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The Thunder may finally be figuring out their offense

Not a moment too soon either.

NBA: Houston Rockets at Oklahoma City Thunder Mark D. Smith-USA TODAY Sports

The Oklahoma City Thunder edged out the Houston Rockets, 112-107, on Christmas with a seemingly more fluent offense than what they’ve shown in the season’s opening weeks. Houston may have been without Luc Richard Mbah a Moute and Chris Paul on the defensive end, but OKC’s slightly improved offense began its trend weeks before Monday night’s game.

After spending some time in the lower third of the NBA in terms of offensive efficiency, OKC is creeping into the top half with the No. 16 offensive rating in the league, per Basketball Reference. That has a lot to do with the Thunder’s shooting hierarchy falling into place. Russell Westbrook is returning to Russell Westbrook form, completely unleashed, and his supporting cast is finding its niche under him.

The Thunder’s win over the Rockets saw their Big 3 shoot an efficient 28-of-51 (55 percent) from the field and turn the ball over a combined 10 times. Russell Westbrook scored 31 points on 24 shots while Anthony and George had 44 points on 27 shots. Steven Adams, (who makes a Big 3.5), had 15 points on nine shots. That’s beginning to feel like what the blueprint of a successful Thunder offensive night looks like on the stat sheet.

The Thunder are best when Westbrook is top dog

Westbrook has both a brilliant and flawed game that demands he handle the ball to put up his outrageous stats. He can’t really play off the ball, as he isn’t much of a spot-up shooter, and his game thrives on attacks to the basket or kick-outs. He can’t defer to Anthony and George often if OKC wants to get its money’s worth.

So in the month of December, he’s been given the green light to fire more, and it’s no coincidence the team is 11-3 in the month in which he’s taken the most shots.

Through seven games in October, he averaged 15 attempts per game. In November, it was 21 per game, and now in December, 23. Re-establishing his lead role has made for less confusion in OKC’s offense, and in turn, helped a struggling on-court chemistry. The Thunder are shooting 3 percent better from the field month-over-month and average 1.5 assists more on three less turnovers.

That’s huge, and it has helped the team bounce back from a 4-9 month of November.

What else has changed?

George and Anthony are finding their comfort in a secondary role

Anthony and George struggled as much as Westbrook through the opening month and a half of play. But a slight step back is helping them as well.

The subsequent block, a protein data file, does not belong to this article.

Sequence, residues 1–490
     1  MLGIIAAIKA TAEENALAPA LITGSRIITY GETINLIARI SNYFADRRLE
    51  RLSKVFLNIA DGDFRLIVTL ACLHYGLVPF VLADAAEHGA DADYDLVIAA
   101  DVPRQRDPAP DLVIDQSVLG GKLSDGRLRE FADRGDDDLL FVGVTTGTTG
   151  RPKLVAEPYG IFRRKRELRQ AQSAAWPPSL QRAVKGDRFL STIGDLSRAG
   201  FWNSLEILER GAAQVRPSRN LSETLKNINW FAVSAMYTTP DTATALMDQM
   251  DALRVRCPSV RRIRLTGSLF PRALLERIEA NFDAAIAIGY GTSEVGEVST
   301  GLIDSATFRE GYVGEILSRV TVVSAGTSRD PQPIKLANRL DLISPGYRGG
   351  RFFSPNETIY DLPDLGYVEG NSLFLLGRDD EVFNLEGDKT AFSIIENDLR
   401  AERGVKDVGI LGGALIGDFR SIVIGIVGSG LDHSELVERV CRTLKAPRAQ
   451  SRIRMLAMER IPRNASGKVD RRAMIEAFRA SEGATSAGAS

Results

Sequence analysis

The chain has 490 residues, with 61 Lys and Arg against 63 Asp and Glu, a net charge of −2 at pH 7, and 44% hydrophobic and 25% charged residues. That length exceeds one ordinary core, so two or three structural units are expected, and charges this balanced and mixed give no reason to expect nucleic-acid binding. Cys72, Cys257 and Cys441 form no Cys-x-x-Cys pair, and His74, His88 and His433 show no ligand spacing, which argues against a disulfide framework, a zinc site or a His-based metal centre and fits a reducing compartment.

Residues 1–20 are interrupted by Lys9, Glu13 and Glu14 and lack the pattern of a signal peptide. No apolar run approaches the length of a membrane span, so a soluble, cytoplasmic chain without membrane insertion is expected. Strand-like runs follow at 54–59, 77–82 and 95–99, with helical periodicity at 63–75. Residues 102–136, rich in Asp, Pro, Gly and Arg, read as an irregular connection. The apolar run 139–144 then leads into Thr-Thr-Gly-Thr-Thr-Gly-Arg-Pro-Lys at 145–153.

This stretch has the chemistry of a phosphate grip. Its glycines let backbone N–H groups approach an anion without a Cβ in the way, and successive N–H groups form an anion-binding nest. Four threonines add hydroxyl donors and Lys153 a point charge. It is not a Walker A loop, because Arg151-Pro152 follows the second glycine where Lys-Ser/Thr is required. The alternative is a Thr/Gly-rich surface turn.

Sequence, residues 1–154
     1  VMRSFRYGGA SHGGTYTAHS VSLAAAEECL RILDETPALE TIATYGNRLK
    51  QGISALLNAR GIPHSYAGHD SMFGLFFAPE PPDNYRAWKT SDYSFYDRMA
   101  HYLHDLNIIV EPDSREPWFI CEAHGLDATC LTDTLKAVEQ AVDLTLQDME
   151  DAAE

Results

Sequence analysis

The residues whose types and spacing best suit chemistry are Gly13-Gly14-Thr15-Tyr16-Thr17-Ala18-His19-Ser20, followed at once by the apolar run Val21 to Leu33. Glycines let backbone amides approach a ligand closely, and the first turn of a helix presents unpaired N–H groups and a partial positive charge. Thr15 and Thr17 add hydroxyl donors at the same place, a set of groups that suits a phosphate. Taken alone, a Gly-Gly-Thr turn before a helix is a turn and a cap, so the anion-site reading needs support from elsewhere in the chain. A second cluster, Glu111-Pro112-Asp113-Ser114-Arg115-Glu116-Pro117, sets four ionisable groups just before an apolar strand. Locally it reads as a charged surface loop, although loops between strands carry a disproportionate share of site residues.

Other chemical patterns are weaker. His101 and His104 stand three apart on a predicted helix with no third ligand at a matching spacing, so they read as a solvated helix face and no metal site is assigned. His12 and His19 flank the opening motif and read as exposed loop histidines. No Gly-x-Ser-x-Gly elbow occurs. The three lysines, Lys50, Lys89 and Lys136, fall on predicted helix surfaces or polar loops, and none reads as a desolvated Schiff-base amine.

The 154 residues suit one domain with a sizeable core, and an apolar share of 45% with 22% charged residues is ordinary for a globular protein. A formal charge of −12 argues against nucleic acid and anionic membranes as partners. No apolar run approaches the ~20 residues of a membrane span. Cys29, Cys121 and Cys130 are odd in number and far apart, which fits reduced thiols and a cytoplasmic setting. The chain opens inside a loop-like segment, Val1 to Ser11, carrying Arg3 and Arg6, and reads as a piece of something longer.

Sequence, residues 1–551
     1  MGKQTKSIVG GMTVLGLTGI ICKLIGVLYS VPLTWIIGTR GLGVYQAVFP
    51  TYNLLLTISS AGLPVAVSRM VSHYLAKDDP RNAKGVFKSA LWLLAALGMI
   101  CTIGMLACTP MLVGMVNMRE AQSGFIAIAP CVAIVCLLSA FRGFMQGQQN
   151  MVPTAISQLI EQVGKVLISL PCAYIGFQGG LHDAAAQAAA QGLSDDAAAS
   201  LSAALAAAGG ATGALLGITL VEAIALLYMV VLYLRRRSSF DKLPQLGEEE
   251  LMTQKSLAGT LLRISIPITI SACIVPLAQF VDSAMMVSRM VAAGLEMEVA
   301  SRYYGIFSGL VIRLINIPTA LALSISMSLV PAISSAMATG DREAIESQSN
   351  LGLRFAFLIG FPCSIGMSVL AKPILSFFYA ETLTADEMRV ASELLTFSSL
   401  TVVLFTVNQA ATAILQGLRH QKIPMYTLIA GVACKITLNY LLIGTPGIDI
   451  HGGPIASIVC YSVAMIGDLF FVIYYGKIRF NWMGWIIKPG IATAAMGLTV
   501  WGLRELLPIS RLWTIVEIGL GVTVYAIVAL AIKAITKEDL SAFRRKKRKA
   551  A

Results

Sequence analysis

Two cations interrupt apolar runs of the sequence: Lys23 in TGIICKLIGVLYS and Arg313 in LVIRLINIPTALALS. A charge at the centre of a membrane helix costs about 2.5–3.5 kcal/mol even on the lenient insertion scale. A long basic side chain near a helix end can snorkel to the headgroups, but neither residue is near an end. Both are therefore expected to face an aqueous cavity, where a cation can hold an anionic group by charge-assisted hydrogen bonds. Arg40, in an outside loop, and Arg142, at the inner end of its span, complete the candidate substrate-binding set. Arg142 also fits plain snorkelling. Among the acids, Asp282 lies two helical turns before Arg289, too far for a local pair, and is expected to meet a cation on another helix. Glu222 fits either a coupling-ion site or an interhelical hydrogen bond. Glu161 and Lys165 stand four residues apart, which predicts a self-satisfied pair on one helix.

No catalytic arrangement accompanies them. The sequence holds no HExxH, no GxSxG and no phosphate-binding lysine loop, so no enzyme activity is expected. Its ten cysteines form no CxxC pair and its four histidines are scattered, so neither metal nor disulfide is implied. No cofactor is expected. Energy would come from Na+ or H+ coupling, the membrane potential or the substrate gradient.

Anthony went from 16 attempts last month to 15, and George has dropped from 17.5 to 15.5. Although it may not benefit their individual numbers, it’s working for the team as a whole. The more under control the Thunder’s high-volume shooters are, the better their offense will run on nights they aren’t shooting well.

Steven Adams is reaping the benefits of an offense in sync

The shots Anthony and George are sacrificing have opened opportunities for Steven Adams, who’s having a breakout year.

Going from 7.6 attempts last month to 10.3 tries in December, Adams has scored 16 points per night in 11 games, up from 10 points in November. Unlike the contested jumpers Anthony and George often settle for, Adams is almost exclusively dunking or finishing layups. That’s why he’s shooting 66 percent from the field.

Secretly, Adams is one of OKC’s biggest offensive weapons despite his inability to create off the dribble. He’s one of the league’s best offensive rebounders (averaging six per game this month), so he’s able to create for himself off others’ misses.

With less of those misses coming off long jumpers from the team’s forwards, and more off short Westbrook misses, that makes life that much simpler for him.

OKC’s offense is slowly finding itself after a dreadful start to the season, and it’s come from a less democratic system. All three superstars shouldn’t hold a similar offensive workload, and it’s a good sign that they’re reinventing their approach before the halfway point in the season.

It’s way too soon to cap what their ceiling might be come May.


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